Mr. Feare did have one other little tidbit of advice at the seminar that I found interesting. Some of the "rescuers" were complaining that owners of dogs they had pulled from shelters were showing up and demanding their dogs back. Did they have to give them back and, if so, couldn't they at least demand some compensation for what they had spent on the dogs (pull fees, vet costs, food/shelter, etc.)? Mr. Feare started with the general rule that one can only sell what one owns. If that shelter didn't own that dog, then the "rescue" doesn't own that dog. Give the dog back! Nope, you have NO right to get paid. I agree with Mr. Feare on this one and what he didn't say is YOU are trafficking in STOLEN property. Yeah, give it back and pray you don't get prosecuted or sued!
Good old Mr. Feare did take his advice on this point one step further in encouraging the "rescuers" to promote city's passing ordinances (and county's passing resolutions) that specify that animals in their shelters automatically become forfeit to the shelter at some point; some "law" that they can hang their hat on to says the shelter "owns" the animal so then the "rescue" will be able to take ownership. That shelter can only sell what it owns, remember. I questioned this at the seminar. Can cities simply declare they "own" your found vehicle after 3 days? In response, Mr. Feare pointed out that cities have deals with tow companies and vehicle storage companies who are the ones that pick up those found vehicles and then apply for new titles under a specific state statute.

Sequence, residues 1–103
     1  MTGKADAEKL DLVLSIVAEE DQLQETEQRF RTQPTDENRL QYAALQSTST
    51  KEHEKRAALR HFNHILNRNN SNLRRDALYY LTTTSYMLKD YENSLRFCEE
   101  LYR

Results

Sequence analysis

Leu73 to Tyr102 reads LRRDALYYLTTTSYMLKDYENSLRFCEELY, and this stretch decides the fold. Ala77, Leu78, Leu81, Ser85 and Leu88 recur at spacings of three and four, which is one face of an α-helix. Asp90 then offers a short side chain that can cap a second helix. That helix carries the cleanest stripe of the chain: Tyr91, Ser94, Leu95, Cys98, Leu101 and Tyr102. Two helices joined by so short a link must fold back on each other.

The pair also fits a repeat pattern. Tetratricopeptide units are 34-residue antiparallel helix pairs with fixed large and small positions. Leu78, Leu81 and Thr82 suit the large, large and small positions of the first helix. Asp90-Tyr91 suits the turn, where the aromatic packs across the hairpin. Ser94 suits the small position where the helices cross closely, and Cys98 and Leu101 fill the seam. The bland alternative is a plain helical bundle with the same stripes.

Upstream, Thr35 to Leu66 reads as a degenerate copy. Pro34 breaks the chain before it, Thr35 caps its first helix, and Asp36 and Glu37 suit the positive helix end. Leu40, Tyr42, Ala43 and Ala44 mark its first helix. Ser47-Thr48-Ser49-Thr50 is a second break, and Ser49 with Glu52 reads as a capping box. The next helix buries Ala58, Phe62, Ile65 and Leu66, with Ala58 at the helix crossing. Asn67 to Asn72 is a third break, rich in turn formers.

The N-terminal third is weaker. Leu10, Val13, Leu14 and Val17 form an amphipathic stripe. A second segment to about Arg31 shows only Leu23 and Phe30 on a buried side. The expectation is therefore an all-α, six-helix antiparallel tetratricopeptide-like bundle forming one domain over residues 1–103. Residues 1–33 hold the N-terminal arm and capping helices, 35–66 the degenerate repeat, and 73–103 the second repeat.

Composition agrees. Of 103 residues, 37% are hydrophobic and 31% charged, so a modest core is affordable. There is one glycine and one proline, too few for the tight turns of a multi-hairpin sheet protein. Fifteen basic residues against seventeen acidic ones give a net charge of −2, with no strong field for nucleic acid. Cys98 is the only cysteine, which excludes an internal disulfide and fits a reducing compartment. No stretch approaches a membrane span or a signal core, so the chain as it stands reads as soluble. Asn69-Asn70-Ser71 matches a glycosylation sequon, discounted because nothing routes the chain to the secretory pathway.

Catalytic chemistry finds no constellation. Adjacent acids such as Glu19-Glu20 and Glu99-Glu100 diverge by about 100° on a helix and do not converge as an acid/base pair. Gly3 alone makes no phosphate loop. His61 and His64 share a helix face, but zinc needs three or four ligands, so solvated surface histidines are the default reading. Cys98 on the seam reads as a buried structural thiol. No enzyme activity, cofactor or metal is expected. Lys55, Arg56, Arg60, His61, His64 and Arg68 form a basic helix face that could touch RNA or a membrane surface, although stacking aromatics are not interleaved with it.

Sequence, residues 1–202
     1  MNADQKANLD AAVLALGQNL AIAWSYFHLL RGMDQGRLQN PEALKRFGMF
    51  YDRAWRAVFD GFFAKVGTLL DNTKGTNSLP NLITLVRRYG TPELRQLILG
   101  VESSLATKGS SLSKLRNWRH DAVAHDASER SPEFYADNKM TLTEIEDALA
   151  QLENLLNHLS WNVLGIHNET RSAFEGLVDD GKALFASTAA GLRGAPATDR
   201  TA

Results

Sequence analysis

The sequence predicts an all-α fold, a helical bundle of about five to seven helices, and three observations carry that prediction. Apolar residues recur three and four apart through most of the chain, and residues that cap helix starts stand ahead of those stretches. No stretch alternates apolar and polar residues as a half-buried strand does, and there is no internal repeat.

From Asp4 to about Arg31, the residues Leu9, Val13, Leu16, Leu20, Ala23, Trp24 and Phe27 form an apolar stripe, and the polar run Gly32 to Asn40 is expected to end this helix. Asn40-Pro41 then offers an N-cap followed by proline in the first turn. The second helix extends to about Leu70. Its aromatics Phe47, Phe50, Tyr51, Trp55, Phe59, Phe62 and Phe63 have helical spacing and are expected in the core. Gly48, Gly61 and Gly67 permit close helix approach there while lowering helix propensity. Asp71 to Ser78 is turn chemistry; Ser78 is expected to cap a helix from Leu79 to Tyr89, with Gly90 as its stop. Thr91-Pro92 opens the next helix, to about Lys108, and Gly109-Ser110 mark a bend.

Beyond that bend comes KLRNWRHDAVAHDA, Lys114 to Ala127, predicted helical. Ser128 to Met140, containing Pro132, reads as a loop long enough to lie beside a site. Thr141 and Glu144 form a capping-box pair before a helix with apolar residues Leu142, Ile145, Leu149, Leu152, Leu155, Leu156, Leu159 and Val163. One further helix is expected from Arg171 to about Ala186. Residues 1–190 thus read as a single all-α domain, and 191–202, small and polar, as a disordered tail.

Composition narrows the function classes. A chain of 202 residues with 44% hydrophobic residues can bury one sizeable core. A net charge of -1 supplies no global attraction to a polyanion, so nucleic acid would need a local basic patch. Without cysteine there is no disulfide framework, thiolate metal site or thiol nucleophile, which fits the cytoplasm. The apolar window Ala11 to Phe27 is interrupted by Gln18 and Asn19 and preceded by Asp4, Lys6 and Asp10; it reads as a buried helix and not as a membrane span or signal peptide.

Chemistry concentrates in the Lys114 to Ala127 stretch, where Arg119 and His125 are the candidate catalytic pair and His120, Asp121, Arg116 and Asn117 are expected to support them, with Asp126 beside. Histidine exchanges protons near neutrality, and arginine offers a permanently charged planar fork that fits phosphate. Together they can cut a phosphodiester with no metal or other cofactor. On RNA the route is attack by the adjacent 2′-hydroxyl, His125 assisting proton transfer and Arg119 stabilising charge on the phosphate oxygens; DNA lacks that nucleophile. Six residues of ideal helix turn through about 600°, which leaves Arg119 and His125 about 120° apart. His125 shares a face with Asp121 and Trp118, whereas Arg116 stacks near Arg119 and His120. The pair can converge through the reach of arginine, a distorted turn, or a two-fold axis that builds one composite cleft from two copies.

Yep, indeed those tow companies and vehicle storage lots do and I'm pretty sure that's because the Texas property laws are pretty damn stringent on NOT forfeiting property to the state (or its subdivisions: counties, cities) except when there is a specific law permitting it and I have yet to find one that would allow the summary forfeiture of foundling pets. There are statutes that cover estray wildlife and livestock but not pets. Is that a glitch in the law? Maybe but, without such a statute (one that is constitutionally valid), best I can tell under general Texas property laws, it would take about 3 years for a foundling animal to become "forfeit" and even then there would be ownership issues. Is that a bad outcome for pets? Yeah, I think so. My question is this: Why haven't the "animal law experts" like good old Don Feare taken note of this and proposed some legislation to deal with it? I mean, seriously, y'all have high paid lobbyists and you're so damn super smart so SURELY you haven't simply missed such a simple issue!
Well, in good old Don Feare's defense, his excuse probably goes back to his history as a cop. Cops just want a written law they can hang their hat on along with their "official immunity". But Don, dearest, you're a lawyer now and you're advising average lay folk at these seminars. They aren't cops and they may not be entitled to any immunity at all (despite your declaration to the contrary at the seminar). Or do you just not mind throwing them under the bus "for the sake of the animals"? Are you that big of a liberal animal rights activist? Oh, my, there I've gone and done it. I called Don Feare an activist and I hear he finds that offensive and tends to sue people over it. Hey, Donny boy, bring it! Are you afraid of a little old blogger just like Attila the Prosecutor in Houston?